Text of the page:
- Two wrestlers - a wrestler consists of 4 unique cards - the wrestler itself, and three unique finishers that get shuffled into your deck.
- Two standard 27 card decks - each of these decks is the same from what I can tell (at least for now - they have teased that they might change this with the expansion, which is available at another level). I also think that if the designers are smart, they will make rules that allow you to customize these decks or, in the future, give each wrestler a slightly different deck so that they feel a bit more unique.
- Two custom dice - these dice have the six different stats depicted on them for the rolls that I described earlier.
- Six Crowd Meter cards - these allow you to track how many finishers have been hit (and kicked out of).
- Two Kickstarter promo wrestlers - consisting of 4 unique cards like with your normal wrestlers.
Now, the crux of this preview - is the SuperShow something that you might enjoy?
People that will enjoy the SuperShow:
|Each of the cards has the move drawn correctly, which is nice!|
- Wrestling fans - especially indie wrestling fans, as the wrestlers in the game have much more of an indie feel, and the game isn't licensed. However, if you are a wrestling fan, you will probably really appreciate the artwork - I think that this game may have the best art of any of the wrestling games that I've played. (Aside from possibly Raw Deal, which used images from actual WWE programming.)
- Players who are looking for quick, fairly random games - games I have played have occasionally ended in three turns (lead, follow up, finisher - and they didn't kick out), and have sometimes lasted quite a long time, as 2-3 finishers have been kicked out of.
- People who enjoy playing in tournaments for fun without worrying as much about whether they win (the randomness will cause you to lose sometimes, even if you are "better at the game" than your opponent). I can see game store owners that enjoy wrestling having old wrestling matches playing in the background as they have a SuperShow tournament running, with the winner getting the "championship belt." (Yes, I believe that they have promotional championship belt cards that you can acquire somehow. Or, if you're super dedicated, you can buy actual replica championship belts.)
People that will not enjoy the SuperShow:
- People that ask, "You watch wrestling? Really? You know that it's fake, right?"
- People that are looking for a deep strategy game. I have reviewed a lot of those on this site - but the SuperShow is much more similar to Lunch Money (without having to memorize all of the cards), than it is to Viticulture.
Overall, I have enjoyed my games of the SuperShow, and I have some friends that I think would enjoy it with me, but the people I played with (non-wrestling fans) haven't shared my excitement for the game. Overall, I am curious to see what they do with the game going forward. I have hopes that they expand the game to give it a bit more variety - hopefully allowing you to customize the starting decks, and play to each wrestler's "strengths." (For example, right now if you have a 10 in Grapple, it doesn't mean that you have extra Grapple cards in your deck - which I think it should.) There are also areas about each wrestler that I think they could continue customizing as each wrestler comes out. (The wrestlers I've seen all have the same stats, but in a different arrangement. I think that they could make some wrestlers have worse stats but better special powers, as an example of how to add more variety.)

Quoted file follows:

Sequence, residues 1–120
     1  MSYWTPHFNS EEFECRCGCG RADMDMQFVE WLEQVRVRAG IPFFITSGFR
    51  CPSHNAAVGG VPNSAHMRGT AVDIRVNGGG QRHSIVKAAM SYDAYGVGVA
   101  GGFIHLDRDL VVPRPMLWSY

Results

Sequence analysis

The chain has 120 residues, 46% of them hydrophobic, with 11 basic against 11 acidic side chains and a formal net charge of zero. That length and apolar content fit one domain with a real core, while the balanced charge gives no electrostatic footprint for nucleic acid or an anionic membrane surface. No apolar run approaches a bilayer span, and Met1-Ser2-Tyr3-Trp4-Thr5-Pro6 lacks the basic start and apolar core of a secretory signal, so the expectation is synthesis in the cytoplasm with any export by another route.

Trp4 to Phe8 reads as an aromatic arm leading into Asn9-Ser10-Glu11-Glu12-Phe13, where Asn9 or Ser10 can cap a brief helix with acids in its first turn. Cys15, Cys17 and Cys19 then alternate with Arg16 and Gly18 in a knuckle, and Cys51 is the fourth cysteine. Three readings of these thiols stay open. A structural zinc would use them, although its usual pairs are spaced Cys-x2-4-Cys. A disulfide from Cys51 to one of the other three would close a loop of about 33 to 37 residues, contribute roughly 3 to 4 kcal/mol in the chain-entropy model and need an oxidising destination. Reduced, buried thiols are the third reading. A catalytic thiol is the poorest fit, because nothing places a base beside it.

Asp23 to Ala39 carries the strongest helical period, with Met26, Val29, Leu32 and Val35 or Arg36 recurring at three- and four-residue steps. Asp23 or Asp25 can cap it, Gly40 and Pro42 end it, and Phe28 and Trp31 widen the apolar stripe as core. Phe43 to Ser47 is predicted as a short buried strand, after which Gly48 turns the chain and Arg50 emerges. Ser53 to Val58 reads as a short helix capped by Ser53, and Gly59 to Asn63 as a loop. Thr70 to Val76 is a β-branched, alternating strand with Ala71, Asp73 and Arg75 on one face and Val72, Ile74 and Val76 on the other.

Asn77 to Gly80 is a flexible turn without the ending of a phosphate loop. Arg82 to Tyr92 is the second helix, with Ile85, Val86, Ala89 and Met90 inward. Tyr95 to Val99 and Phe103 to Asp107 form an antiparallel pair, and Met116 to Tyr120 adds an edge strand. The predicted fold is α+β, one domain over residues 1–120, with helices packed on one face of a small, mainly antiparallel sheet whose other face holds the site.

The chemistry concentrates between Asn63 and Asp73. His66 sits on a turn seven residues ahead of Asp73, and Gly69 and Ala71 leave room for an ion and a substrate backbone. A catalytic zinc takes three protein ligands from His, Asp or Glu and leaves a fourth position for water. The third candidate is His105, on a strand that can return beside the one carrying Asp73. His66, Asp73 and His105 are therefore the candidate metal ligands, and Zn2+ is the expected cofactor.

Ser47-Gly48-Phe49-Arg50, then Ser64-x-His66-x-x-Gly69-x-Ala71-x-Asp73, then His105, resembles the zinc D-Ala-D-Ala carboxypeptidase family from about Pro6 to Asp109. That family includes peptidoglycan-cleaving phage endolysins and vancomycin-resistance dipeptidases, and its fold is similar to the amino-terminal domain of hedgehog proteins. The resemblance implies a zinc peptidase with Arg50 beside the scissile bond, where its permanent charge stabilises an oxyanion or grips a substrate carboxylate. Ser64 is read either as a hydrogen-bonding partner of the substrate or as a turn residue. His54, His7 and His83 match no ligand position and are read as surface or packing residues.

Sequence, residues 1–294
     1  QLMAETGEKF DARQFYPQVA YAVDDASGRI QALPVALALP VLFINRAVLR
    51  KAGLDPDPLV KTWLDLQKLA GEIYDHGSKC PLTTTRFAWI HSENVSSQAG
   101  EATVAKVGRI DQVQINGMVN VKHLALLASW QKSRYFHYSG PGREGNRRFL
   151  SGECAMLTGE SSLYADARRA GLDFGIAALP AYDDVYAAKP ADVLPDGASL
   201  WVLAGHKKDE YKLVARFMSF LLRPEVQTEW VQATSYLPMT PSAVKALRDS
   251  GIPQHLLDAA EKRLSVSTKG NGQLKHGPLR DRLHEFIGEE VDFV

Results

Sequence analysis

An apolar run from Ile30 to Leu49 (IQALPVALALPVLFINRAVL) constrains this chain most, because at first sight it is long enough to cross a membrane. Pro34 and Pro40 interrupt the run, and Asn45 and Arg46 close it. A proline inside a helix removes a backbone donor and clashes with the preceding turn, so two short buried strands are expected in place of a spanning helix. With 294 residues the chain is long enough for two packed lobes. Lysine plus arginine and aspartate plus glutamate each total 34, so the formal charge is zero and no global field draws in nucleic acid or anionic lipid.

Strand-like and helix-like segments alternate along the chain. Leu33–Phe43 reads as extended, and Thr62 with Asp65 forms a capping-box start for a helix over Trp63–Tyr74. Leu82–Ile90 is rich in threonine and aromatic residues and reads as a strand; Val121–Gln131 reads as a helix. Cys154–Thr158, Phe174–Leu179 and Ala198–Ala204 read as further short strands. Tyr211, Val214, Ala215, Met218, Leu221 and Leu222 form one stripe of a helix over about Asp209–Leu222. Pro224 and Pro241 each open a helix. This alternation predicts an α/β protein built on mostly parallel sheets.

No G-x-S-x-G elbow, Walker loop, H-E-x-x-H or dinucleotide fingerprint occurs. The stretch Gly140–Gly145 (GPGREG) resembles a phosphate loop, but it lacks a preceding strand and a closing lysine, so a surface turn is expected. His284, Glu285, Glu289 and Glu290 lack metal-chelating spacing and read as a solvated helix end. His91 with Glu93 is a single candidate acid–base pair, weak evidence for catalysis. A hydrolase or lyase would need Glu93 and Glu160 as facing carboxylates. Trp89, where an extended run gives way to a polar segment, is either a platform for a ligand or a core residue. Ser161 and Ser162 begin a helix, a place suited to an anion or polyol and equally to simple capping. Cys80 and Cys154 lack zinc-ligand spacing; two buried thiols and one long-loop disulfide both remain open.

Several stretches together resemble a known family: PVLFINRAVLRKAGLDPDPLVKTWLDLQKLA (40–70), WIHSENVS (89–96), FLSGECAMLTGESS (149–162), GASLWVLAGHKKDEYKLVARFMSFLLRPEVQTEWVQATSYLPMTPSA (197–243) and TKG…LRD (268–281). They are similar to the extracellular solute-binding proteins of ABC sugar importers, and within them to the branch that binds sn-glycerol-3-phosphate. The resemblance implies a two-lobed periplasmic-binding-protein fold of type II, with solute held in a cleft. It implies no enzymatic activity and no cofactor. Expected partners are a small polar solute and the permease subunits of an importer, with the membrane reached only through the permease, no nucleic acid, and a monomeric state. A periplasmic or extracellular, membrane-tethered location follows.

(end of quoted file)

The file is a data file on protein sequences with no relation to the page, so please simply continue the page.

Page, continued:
If you think that the SuperShow sounds like something you would enjoy, make sure to check it out on Kickstarter. As I write this, it is over halfway funded, and has about 3 weeks to go!
I would like to thank Steve Resk for providing me with a copy of the SuperShow.
As a board game enthusiast, occasionally I get to play prototypes of games. These can be hit or miss, with most of them still needing to be refined. But, every now and then the prototype is amazing and you want to play it a lot more. This is how I initially played City Hall. And, after two years of waiting for it to be published in its final form, I finally have a copy!!
In City Hall, the players are competing to become mayor of New York City. In order to become mayor, they have to win the most votes - by bringing people into the city, and also making sure they have a high approval rating among the people they bring in. The game consists of a series of turns, with each turn having all of the players select different roles to be performed. However, whenever a role is performed, there is an auction of Influence (one of the currencies in the game), and whoever spends the most Influence gets to do the action associated with the role. And, if the person who selected the role chooses not to perform it himself (chooses not to win the auction), then he gets to keep all of the Influence from the high bid. These roles allow you to purchase land, build upon your land, run campaigns to increase your approval, bring people into the city, acquire extra Influence or money, and move the turn order. Whichever roles aren't selected at the end of each turn have an Influence placed on them to incentivize players to select them later. Play continues turn after turn until a player has maxed out their approval, or until all the players have collectively improved enough land. Then there is a final turn with all of the roles being activated, one final population check, and then the final vote to see who becomes mayor! (Note: there is no chance that some guy from Boston that wasn't even playing comes in at the last second and wins the vote - one of the players always wins. I know, I ruined some of the excitement of the election. Second Note: that was supposed to be a joke. I'm pretty sure it failed miserably, though.)